It typically costs six to nine months of an employee’s salary to replace them — meaning that losing that middle manager who is paid $60k a year could result in a hit of $30k. Yet as shocking as this might sound, it only skims the surface of the potential impact high turnover has. If you’ve noticed your organization is experiencing this problem and you’re wondering how much of an issue it really is or what you should do about it, you’re in the right place. The impact of high turnover As mentioned, the surface level impact of high turnover is that it affects your bottom line. Yet this happens through multiple channels, and many business owners or managers don’t realize how harmful it can be. Here’s what you need to look out for. The cost of hiring and onboarding First of all, there are the costs of interviewing someone — around $4,000 per hire. In most cases, it may take a month or more to find the right person (although there’s some variation between industries), with it taking 41 days to fill a position on average. On one hand, this means lower output during those 41 days, which hurts revenue. But it also means that crucial time and resources are spent on making that hire. Often, other team members will have to spend hours wading through resumes or conducting interviews instead of doing their usual work. The problem isn’t much better if you outsource the task, since you’ll have to hire a recruiter and pay their fees (and most leaders want to be somewhat involved in the process anyway). Reduced productivity and quality All of this can result in lost productivity and a decrease in product or service quality. Inexperienced or overworked staff means worse customer experience and more errors related to products or software, resulting in customers getting frustrated and going somewhere else for the product or service. Worse, the problem persists even after a hire is made. It takes time to onboard and train a new employee to reach the standard of performing their job effectively and positively impacting the organization. All this progress is lost when you have to hire somebody new and start afresh. Poor morale and workplace culture A knock-on effect of this can be that remaining employees feel unhappy. They have to pick up the slack, meaning they might have to do two peoples’ jobs or put in overtime, making them feel resentful. All of this hurts morale and deteriorates workplace culture, which can then be contagious even for new hires. As you can probably see by now, this can create a vicious cycle where high turnover makes employees less happy with their jobs, encouraging them to quit and worsening the turnover problem. Every new hire compromises the process and your customers' experience because each new hire is putting their own spin on things. But enough with the negativity. What can you do about it? How to reduce high turnover Unless you’re incredibly lucky, employees will inevitably leave your organization from time to time. Maybe they’ll want to move to a different city, quit work to become a full-time parent, or even retire — never mind those looking for a career change. And no matter how well you treat your employees or how many perks you offer, that isn’t going to change. However, if you find that you can’t make anyone stick around for more than a year or two, it looks like you might have a problem on your hands. In that case, your first port of call should be identifying the problem. Common causes of employee turnover include:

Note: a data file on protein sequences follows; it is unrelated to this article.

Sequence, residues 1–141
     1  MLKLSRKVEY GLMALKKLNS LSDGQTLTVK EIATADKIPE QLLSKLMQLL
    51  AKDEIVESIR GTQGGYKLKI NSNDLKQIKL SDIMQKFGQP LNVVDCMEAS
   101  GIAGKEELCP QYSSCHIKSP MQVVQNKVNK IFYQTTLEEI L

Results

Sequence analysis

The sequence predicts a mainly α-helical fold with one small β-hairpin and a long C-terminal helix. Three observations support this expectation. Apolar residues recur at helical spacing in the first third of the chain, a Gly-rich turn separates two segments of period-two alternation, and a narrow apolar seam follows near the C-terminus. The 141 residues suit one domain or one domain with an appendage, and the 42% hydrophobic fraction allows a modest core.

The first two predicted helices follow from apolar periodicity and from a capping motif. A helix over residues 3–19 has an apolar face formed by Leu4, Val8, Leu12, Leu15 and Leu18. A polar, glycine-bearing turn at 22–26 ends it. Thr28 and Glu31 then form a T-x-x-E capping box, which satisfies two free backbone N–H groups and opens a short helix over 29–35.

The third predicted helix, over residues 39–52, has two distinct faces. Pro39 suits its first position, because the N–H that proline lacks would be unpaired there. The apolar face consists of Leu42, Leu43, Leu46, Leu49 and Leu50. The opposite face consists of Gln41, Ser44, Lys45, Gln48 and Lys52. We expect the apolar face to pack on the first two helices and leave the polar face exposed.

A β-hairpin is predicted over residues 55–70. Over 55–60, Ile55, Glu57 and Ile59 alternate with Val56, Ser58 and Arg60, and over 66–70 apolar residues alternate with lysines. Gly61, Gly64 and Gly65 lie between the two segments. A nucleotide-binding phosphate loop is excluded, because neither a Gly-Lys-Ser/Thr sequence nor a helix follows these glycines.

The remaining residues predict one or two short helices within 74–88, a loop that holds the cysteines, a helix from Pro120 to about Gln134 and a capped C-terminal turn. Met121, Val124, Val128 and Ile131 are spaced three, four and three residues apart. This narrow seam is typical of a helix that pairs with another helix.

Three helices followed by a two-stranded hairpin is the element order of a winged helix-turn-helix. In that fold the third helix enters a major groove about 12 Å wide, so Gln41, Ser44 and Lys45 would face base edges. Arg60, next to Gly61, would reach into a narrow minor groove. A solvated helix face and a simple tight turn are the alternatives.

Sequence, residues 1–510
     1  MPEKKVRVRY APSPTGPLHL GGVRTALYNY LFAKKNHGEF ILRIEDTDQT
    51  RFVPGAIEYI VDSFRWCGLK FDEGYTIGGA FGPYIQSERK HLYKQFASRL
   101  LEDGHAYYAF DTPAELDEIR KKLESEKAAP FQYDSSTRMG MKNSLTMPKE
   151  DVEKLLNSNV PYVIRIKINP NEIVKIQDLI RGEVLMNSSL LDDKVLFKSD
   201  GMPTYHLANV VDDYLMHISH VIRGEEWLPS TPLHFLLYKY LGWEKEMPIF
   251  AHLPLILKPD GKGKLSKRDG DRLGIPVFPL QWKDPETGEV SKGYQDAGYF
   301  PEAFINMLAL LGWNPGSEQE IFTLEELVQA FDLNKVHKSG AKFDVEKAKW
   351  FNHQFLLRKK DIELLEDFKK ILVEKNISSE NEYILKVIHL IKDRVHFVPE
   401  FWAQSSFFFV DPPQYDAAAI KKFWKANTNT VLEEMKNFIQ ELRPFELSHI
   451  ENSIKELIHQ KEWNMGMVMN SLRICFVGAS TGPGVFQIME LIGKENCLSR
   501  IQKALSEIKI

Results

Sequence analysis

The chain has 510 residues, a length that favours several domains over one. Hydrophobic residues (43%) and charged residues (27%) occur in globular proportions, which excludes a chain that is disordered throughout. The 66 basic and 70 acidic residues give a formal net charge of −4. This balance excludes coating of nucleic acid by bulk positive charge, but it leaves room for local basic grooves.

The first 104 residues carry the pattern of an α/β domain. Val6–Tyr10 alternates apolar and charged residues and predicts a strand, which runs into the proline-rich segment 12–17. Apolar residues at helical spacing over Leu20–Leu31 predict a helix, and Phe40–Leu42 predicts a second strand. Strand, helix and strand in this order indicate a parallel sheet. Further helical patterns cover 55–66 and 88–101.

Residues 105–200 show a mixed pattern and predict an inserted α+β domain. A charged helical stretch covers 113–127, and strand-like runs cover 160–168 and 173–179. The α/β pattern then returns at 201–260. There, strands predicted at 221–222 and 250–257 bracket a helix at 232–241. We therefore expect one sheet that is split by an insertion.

Stress – a difficult job is a stressful job.
Low job or work satisfaction – not allowing your team to do stimulating work.
Poor leadership – Leaders need to continue to work on their skills as a leader.
Unsatisfactory compensation - paying below market rate or someone’s value.
Disagreements with coworkers – sometimes we call this tribe vibe where there is one person singled out from the pack.
Toxic workplace culture – this can show up in many forms.
Boring job role- the right people in the wrong roles or underutilizing your people.
You can try strategies like sending out an anonymous survey to your team asking for their honest opinions on all of the above. And make sure you act on the feedback too —after they take the survey they want action, inaction will feel like empty calories and will work against you. In some cases, the problem might be taking place at the hiring stage, so it’s worth analyzing your strategy further to check your job descriptions are accurate, your interview process is fair, and you’re advertising in the right place. Sometimes, it can be hard to look at all of this impartially and figure out where things are going wrong, in which case it might be time to bring in a consultant to look at your processes and organization through new eyes. Tackle that turnover rate If you’re trapped in the cycle of high turnover, it can feel like you need to spend all your time and resources on constantly finding new employees, leading you with no time to really examine your processes. To exit this cycle, bringing on a consultant can be a great route to go down. At Cornerstone Paradigm Consulting, we specialize in analyzing your business processes to identify the root cause of problems. We’ll analyze your people, processes, technology, and customer service to find out why you’re experiencing high turnover — and help you to solve the issue. Get in contact to find out more.